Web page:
Do you worry that Elon Musk will break it?
I do.

Nostalgia is a theme that runs through your work. Is there anything you’re nostalgic for?
I’m nostalgic for how Cadbury’s chocolate used to taste, I’ll grant you that. It doesn’t quite taste the same to me any more, I don’t know why this is.

We’re living in interesting times. This must be good news for a state-of-the-nation novelist.
Part of me wants to get back to the status quo and part of me thinks, well, there was obviously something profoundly wrong with the status quo or we wouldn’t have taken the turns that we did. It does nourish me. I don’t like to talk in terms of writers’ duties or obligations but it gives me a need to write about it.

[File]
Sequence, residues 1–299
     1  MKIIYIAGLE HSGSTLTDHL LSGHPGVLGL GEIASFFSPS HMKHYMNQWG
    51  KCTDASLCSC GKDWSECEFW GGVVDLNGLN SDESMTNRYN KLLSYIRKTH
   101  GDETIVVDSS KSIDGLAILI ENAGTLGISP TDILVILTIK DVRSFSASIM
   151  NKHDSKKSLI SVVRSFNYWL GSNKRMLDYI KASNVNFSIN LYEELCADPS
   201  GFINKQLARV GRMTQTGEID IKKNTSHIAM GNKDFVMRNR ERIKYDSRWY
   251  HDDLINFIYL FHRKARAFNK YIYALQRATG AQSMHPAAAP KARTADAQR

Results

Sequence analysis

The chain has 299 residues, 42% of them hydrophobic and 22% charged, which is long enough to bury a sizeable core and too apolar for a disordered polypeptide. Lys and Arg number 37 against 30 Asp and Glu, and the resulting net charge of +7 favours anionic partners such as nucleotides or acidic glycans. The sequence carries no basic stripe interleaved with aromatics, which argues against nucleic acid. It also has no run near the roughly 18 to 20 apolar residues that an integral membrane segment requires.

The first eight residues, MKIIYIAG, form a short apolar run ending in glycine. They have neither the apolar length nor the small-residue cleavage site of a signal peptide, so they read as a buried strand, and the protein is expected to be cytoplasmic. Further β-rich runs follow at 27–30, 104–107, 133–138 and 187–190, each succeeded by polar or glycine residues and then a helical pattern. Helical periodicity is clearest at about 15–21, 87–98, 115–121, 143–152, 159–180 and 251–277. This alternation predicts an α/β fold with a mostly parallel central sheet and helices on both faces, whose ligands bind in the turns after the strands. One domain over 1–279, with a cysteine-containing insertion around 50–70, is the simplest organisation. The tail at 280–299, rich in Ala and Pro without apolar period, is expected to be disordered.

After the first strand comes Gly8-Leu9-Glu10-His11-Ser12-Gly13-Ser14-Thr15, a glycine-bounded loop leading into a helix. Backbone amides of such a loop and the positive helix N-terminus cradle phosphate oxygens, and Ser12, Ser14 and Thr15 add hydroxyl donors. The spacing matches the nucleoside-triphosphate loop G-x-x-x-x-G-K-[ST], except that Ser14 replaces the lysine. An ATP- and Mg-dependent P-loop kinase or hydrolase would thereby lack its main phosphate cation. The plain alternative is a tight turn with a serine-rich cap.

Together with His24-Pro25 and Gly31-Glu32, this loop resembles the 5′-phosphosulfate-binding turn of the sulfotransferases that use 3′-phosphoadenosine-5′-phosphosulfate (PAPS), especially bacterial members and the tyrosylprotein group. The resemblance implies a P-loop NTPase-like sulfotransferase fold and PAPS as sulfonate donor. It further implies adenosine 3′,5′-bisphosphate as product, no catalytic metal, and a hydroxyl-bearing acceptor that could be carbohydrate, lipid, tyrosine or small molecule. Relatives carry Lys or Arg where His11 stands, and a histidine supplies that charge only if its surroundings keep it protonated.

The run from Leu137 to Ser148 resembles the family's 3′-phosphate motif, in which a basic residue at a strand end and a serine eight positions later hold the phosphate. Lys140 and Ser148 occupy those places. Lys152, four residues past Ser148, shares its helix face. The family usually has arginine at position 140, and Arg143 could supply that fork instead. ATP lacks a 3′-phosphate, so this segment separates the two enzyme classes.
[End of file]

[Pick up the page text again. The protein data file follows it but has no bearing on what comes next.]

How have your ideas about the novel evolved over the years?
I look back on a novel like What a Carve Up!, which was extremely polemical, and from a literary point of view, very one-sided, and I stand by its politics but I’m not sure I stand by it aesthetically any more. Milan Kundera used to say that satire and the novel were incompatible because satire is a “thesis art” and the novel is polyphonic, and you can’t reconcile the two. I think he was on to something and I’m trying to write more polyphonically these days. Sometimes people who are disappointed by my more recent books will say where’s the anger? It’s still there but these latest books are more of an attempt to understand rather than hit people over the head with my own view.

In 2011, I saw you play keyboards on stage in New York as part of Wesley Stace’s Cabinet of Wonders series. Have you played any gigs lately?
My Italian friend Ferdinando, who runs this 21-piece Italian jazz orchestra, Artchipel, heard some music I composed, mostly in the 80s, and said: “Can we do a concert of these?” We’ve done five of them now in Italy and recorded a live album. I was terrified but there’s a lot of free improvisation and it’s a very noisy orchestra so I can hide my mistakes.